AP Photo/Richard Drew
- Apple has maintained control of every corner of the iPhone ecosystem in the name of user security.
- Apple is prepping to comply with EU regulations by allowing sideloading iOS apps, Bloomberg reports.
- This will put Apple’s walled garden to the ultimate test, and prove if it was right all along.
For 15 years, Apple has controlled every aspect of the iOS ecosystem — from the apps you’re allowed to install on iPhones and iPads, the look of your home screen, the payment systems you’re allowed to use, and everything in between.
The company has always said that this so-called “walled garden” approach was necessary to helping users have a good experience, protect against viruses and malware, and preserve user privacy. Steve Jobs himself championed this strategy, and is said to have needed to be convinced to bring an App Store to the iPhone at all.
But the European Union’s newly enacted Digital Markets Act is forcing Apple to relinquish its “monopolistic” control over developers and iPhones by 2024. This victory for European regulators also marks the largest hole in Apple’s heavily regulated ecosystem to date.
The new law takes aim at Big Tech companies with highly regulated platforms that serve as gatekeepers between businesses and consumers — encompassing all app store providers, including Google. Apple is reportedly making plans to comply with the new laws, according to a new Bloomberg report. Changes could come as soon as the iOS 17 update, expected to launch in the September of 2023.
This is a first for the iPhone maker, which has not always shown full compliance, even in places where new laws were enacted to curb some of its power over the App Store. Dutch and South Korean regulators, for example, have clashed with Apple, which has so far made few if any changes to how it does business in those countries.
Now, if Apple makes the changes outlined in the Bloomberg story, its walled-garden approach could be put to the ultimate test, as we see the actual effects of opening the floodgates to outsiders.
Sideloading apps and a lighter app review
Downloading software or apps outside of the App Store — also called sideloading — is currently not possible unless users manipulate an iPhone’s fundamental software to bypass Apple’s restrictions.
Apple has long maintained that allowing sideloading would undermine the iOS platform’s security and leave users exposed to the worst elements of the internet. The company’s critics, meanwhile, have argued that the security risks are minimal next to the benefits brought by increased competition in the App Store and more user choice. If sideloading is allowed, as Bloomberg reports is under consideration, we’ll get to see who was right.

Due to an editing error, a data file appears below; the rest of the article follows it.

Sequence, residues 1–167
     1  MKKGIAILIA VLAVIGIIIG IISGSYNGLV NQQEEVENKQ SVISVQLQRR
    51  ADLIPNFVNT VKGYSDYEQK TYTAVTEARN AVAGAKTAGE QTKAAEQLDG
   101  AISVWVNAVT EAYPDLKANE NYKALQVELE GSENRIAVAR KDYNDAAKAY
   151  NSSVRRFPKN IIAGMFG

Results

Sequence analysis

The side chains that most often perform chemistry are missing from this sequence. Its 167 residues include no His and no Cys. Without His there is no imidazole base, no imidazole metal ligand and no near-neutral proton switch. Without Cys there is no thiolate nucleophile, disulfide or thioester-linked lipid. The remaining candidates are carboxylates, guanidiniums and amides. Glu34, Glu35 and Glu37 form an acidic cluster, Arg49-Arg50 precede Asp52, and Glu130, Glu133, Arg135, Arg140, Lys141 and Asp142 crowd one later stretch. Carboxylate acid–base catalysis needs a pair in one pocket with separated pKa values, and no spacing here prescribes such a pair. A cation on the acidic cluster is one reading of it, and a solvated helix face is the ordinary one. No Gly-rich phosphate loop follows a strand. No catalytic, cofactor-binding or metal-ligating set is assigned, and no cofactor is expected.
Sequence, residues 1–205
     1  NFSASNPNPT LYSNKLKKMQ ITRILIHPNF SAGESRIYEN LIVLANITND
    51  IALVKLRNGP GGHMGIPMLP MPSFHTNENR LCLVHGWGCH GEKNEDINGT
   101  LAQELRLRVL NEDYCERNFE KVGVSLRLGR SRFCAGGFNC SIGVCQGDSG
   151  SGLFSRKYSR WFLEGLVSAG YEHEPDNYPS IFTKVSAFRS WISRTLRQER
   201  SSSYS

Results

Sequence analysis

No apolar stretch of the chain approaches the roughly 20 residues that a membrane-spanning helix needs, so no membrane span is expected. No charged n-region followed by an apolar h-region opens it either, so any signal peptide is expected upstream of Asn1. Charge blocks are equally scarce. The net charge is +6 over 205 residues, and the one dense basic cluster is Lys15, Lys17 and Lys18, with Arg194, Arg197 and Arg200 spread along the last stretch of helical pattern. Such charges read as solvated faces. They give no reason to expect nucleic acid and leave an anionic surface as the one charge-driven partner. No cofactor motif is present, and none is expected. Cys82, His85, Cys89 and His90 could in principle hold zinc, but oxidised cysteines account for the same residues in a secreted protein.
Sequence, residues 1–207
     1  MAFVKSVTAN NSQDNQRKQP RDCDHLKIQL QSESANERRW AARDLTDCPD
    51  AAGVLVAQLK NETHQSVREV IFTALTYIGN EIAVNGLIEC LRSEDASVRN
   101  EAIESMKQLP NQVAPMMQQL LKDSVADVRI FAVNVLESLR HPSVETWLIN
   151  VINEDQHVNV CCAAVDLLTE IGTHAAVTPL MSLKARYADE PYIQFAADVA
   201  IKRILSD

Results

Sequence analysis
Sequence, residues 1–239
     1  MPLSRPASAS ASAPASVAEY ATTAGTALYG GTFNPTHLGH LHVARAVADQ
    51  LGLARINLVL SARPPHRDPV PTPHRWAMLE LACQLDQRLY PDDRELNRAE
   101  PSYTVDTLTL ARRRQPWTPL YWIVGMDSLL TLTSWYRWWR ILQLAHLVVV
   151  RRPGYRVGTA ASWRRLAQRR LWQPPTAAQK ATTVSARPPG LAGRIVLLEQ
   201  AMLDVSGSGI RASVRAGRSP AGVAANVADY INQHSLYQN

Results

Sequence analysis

Bloomberg reports that Apple is also preparing to support alternative App Stores, which would theoretically be full of apps not necessarily vetted by the company. That could, in a roundabout way, address the headache for developers that is the App Store review process, where the company audits all apps and updates before they’re allowed to reach customers.
Apple has a full website of security, privacy, and even content requirements that apps must meet in order to be granted a coveted place in the App Store. That process has been criticized as inconsistent and can leave apps pending review for weeks without much communication from Apple.
If sideloading apps is allowed, developers could have a much more direct way of reaching their customers via these outside app stores — though Bloomberg also reports that the company is kicking around the idea of doing some kind of review of apps hosted outside its own App Store, though the details of that plan are currently unclear.
—Kosta Eleftheriou (@keleftheriou) October 3, 2022
The biggest pain for developers could go away
Sideloading would also address one of Apple’s biggest sources of criticism: The so-called “Apple tax.”
Opening up payment methods to third parties, as it will be required to do under the European law, would mark a major evolution for developers. The current set up requires developers to use Apple’s in-house payment processing service and give Apple an automatic 30% cut of almost all in-app purchases. Apple has defended its fee structure as both necessary and reasonable, given the major role that the App Store plays in the software economy.
Over the years, everyone from independent app developers to CEOs have decried this provision. The practice recently even caught the attention of new Twitter owner Elon Musk, who declared war against the system.
“It’s a very unique thing to have someone who’s also the richest man in the world to have the same problems that a small app developer — that maybe has one or two employees — is also experiencing,” said Rick VanMeter, executive director of the industry group Coalition for App Fairness, a frequent critic of the so-called “Apple Tax.”
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